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    Watergate Chronology

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    January 20,1969 Richard M. Nixon elected the thirty-seventh president of the United States 1969 Ehrlichman suggests to Caulfield that he leave the White House and set up a private security business that would provide security to the 1972 Nixon campaign. This project, Sandwedge, would be similar to the Kennedy security firm, Intertel. June 5, 1970 With the goal of increasing cooperation between various intelligence agencies within the government, a meeting was called in the Oval Office. Those in Attendance:

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    The Role of Chronology in Gilman's The Yellow Wallpaper and Faulkner's A Rose for Emily Chronology is the sequence of time as it occurs in events. The chronology of a story is important in order for the reader to understand the work of literature. Many stories, such as "The Yellow Wallpaper" written by Charlotte Perkins Gilman, have chronological events that happen in sequence, in order of the time they happened. Other stories, such as "A Rose for Emily" written by William Faulkner, have

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    Chronology of the Holocaust

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    events lead up to this: the way Hitler came into power, or when the first concentration camp was established, and what city it was in, why Jews were hated so much by Hitler, and why the rest of the country also hated them as well as, and what the chronology of the Holocaust. These are some of the things I will explain in my paper. In 1933 Hindenburg was the president of Germany. Having recovered form the First World War, Germany is on the rise once again. Hindenburg appointed Hitler chancellor of

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    of events. Ever more appreciative of the subjectivity of recollection, we grasp that without memory, time passes away as little more than sterile chronology. In literary as well as literal history, time derives its meaning from Bergson’s “duration” – time as personal consciousness (322). In Faulkner’s fiction, duration is a centerpiece, even as chronology fails. Such is the case in The Sound and the Fury. For the Compson family, history as memory indeed testifies to their passage from respectable to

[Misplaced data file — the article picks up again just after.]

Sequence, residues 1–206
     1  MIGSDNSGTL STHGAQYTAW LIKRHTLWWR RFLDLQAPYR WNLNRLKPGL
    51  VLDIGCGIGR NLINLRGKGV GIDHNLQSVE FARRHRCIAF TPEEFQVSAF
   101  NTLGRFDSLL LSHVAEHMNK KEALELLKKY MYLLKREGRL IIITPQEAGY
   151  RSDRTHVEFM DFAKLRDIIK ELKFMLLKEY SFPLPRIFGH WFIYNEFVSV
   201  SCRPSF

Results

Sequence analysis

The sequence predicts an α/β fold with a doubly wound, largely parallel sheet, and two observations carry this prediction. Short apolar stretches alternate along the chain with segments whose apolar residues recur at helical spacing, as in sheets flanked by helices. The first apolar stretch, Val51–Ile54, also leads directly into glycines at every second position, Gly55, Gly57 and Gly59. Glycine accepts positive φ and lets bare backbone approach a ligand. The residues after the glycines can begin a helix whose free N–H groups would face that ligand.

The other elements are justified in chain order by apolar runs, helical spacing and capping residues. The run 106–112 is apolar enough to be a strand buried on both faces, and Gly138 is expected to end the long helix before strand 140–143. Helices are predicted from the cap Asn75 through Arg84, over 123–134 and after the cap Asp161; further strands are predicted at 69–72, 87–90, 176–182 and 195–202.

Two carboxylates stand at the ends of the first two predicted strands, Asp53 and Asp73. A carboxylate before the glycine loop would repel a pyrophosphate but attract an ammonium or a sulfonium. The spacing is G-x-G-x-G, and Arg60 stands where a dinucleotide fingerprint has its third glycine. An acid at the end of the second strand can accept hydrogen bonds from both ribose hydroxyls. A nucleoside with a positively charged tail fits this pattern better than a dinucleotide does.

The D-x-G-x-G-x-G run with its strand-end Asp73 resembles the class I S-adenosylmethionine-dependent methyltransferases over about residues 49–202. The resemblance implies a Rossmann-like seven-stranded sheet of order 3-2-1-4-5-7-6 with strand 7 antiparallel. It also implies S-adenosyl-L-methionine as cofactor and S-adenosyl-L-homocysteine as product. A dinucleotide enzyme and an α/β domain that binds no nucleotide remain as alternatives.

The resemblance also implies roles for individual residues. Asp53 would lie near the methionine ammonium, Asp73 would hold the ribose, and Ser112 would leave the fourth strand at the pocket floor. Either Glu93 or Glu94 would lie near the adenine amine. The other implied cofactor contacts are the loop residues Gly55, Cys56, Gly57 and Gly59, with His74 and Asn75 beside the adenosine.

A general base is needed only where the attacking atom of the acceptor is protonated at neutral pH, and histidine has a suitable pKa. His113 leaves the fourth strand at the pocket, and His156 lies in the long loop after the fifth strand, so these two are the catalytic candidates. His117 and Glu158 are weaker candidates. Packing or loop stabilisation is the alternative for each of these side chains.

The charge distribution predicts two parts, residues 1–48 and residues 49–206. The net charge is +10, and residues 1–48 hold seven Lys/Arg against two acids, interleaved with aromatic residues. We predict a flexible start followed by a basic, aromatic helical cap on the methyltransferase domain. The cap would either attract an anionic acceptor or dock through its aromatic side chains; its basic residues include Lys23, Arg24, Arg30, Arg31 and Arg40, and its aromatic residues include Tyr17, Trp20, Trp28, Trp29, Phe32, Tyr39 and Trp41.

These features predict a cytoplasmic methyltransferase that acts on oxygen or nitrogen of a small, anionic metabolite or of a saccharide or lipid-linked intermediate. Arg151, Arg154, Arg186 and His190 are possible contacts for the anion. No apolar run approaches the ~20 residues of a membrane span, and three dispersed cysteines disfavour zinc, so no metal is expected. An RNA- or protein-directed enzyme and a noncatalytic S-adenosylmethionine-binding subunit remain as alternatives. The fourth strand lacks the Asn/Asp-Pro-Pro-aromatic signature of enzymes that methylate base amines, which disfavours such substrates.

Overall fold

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    Theory of the Novel Time is a pivotal term in Georg Lukács's The Theory of the Novel for two reasons: the text's "time" describes the time of the novel (the time depicted in novels as described by Lukács), but it also bears reflexively on the chronology, or the history of literary forms, which the text itself describes. These readings are not easily separable; The Theory of the Novel must be read as a self-description, as a "theoretical novel" itself (as Freud called Moses and Monotheism), though

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    the writer is trying to the readers. In the articles¡¨Boys¡¨and ¡§Orientation¡¨ we can see totally different structures. By comparing these two stories, the two writers present their stories in totally different ways. The ¡§Boys¡¨ is narrated in a chronology linear to give readers the process of growing up, and the ¡§Orientation¡¨ is using traditional structure with humor factor to reflect the office life. In his story¡¨Boys,¡¨ Rick Moody narrates the process of growing up of boys. The author mentions

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    undertones. The author’s use of dark images such as the decaying mansion, dead bodies, and the morbid attraction of Emily to dead bodies was only part of the carefully crafted multi-layered story line that used descriptive language, characterization, and chronology to keep you on the edge of your seat, (Xroads, 2005). I also liked the way the author portrayed the characters in the story, especially Emily. One example is Emily’s characterization when she purchases the arsenic, looking through her “cold, haughty

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    and "that it is not a novel" (On Writing 12). At that time, novels generally were written with a recognizable structure, with character development as a focus and chronology as a central organizational strategy (Harmon 350). In Death Comes for the Archbishop the central character's changes are subtle and relational, while the chronology sometimes seems random and unpredictable. Cather's preference to call her work "a narrative," a term usually contained within the definition of "a novel," does make

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    Widsith, who accompanies Ealhhild, a Lombard princess, on her journey eastward from Angel to the court of Eormanric the Goth. Ealhhild, the sister of Aelfwine, King of the Lombards, is made to marry Eormanric. In this poem the geography and the chronology are not precise or accurate. “At an early date Germanic kings began to keep professional poets, with functions not wholly unlike those of the poet laureate or official poet of later times” (Malone 75). This pretty well expresses the life

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    time in Faulkner most certainly fills many pages of criticism. A goodly number of those pages of criticism deal with the well-known short story, "A Rose for Emily." Several scholars, most notably Paul McGlynn, have worked to untangle the confusing chronology of this work (461-62). Others have given a variety of symbolic and psychological reasons for Emily Grierson's inability (or refusal) to acknowledge the passage of time. Yet in all of this careful literary analysis, no one has discussed one troubling

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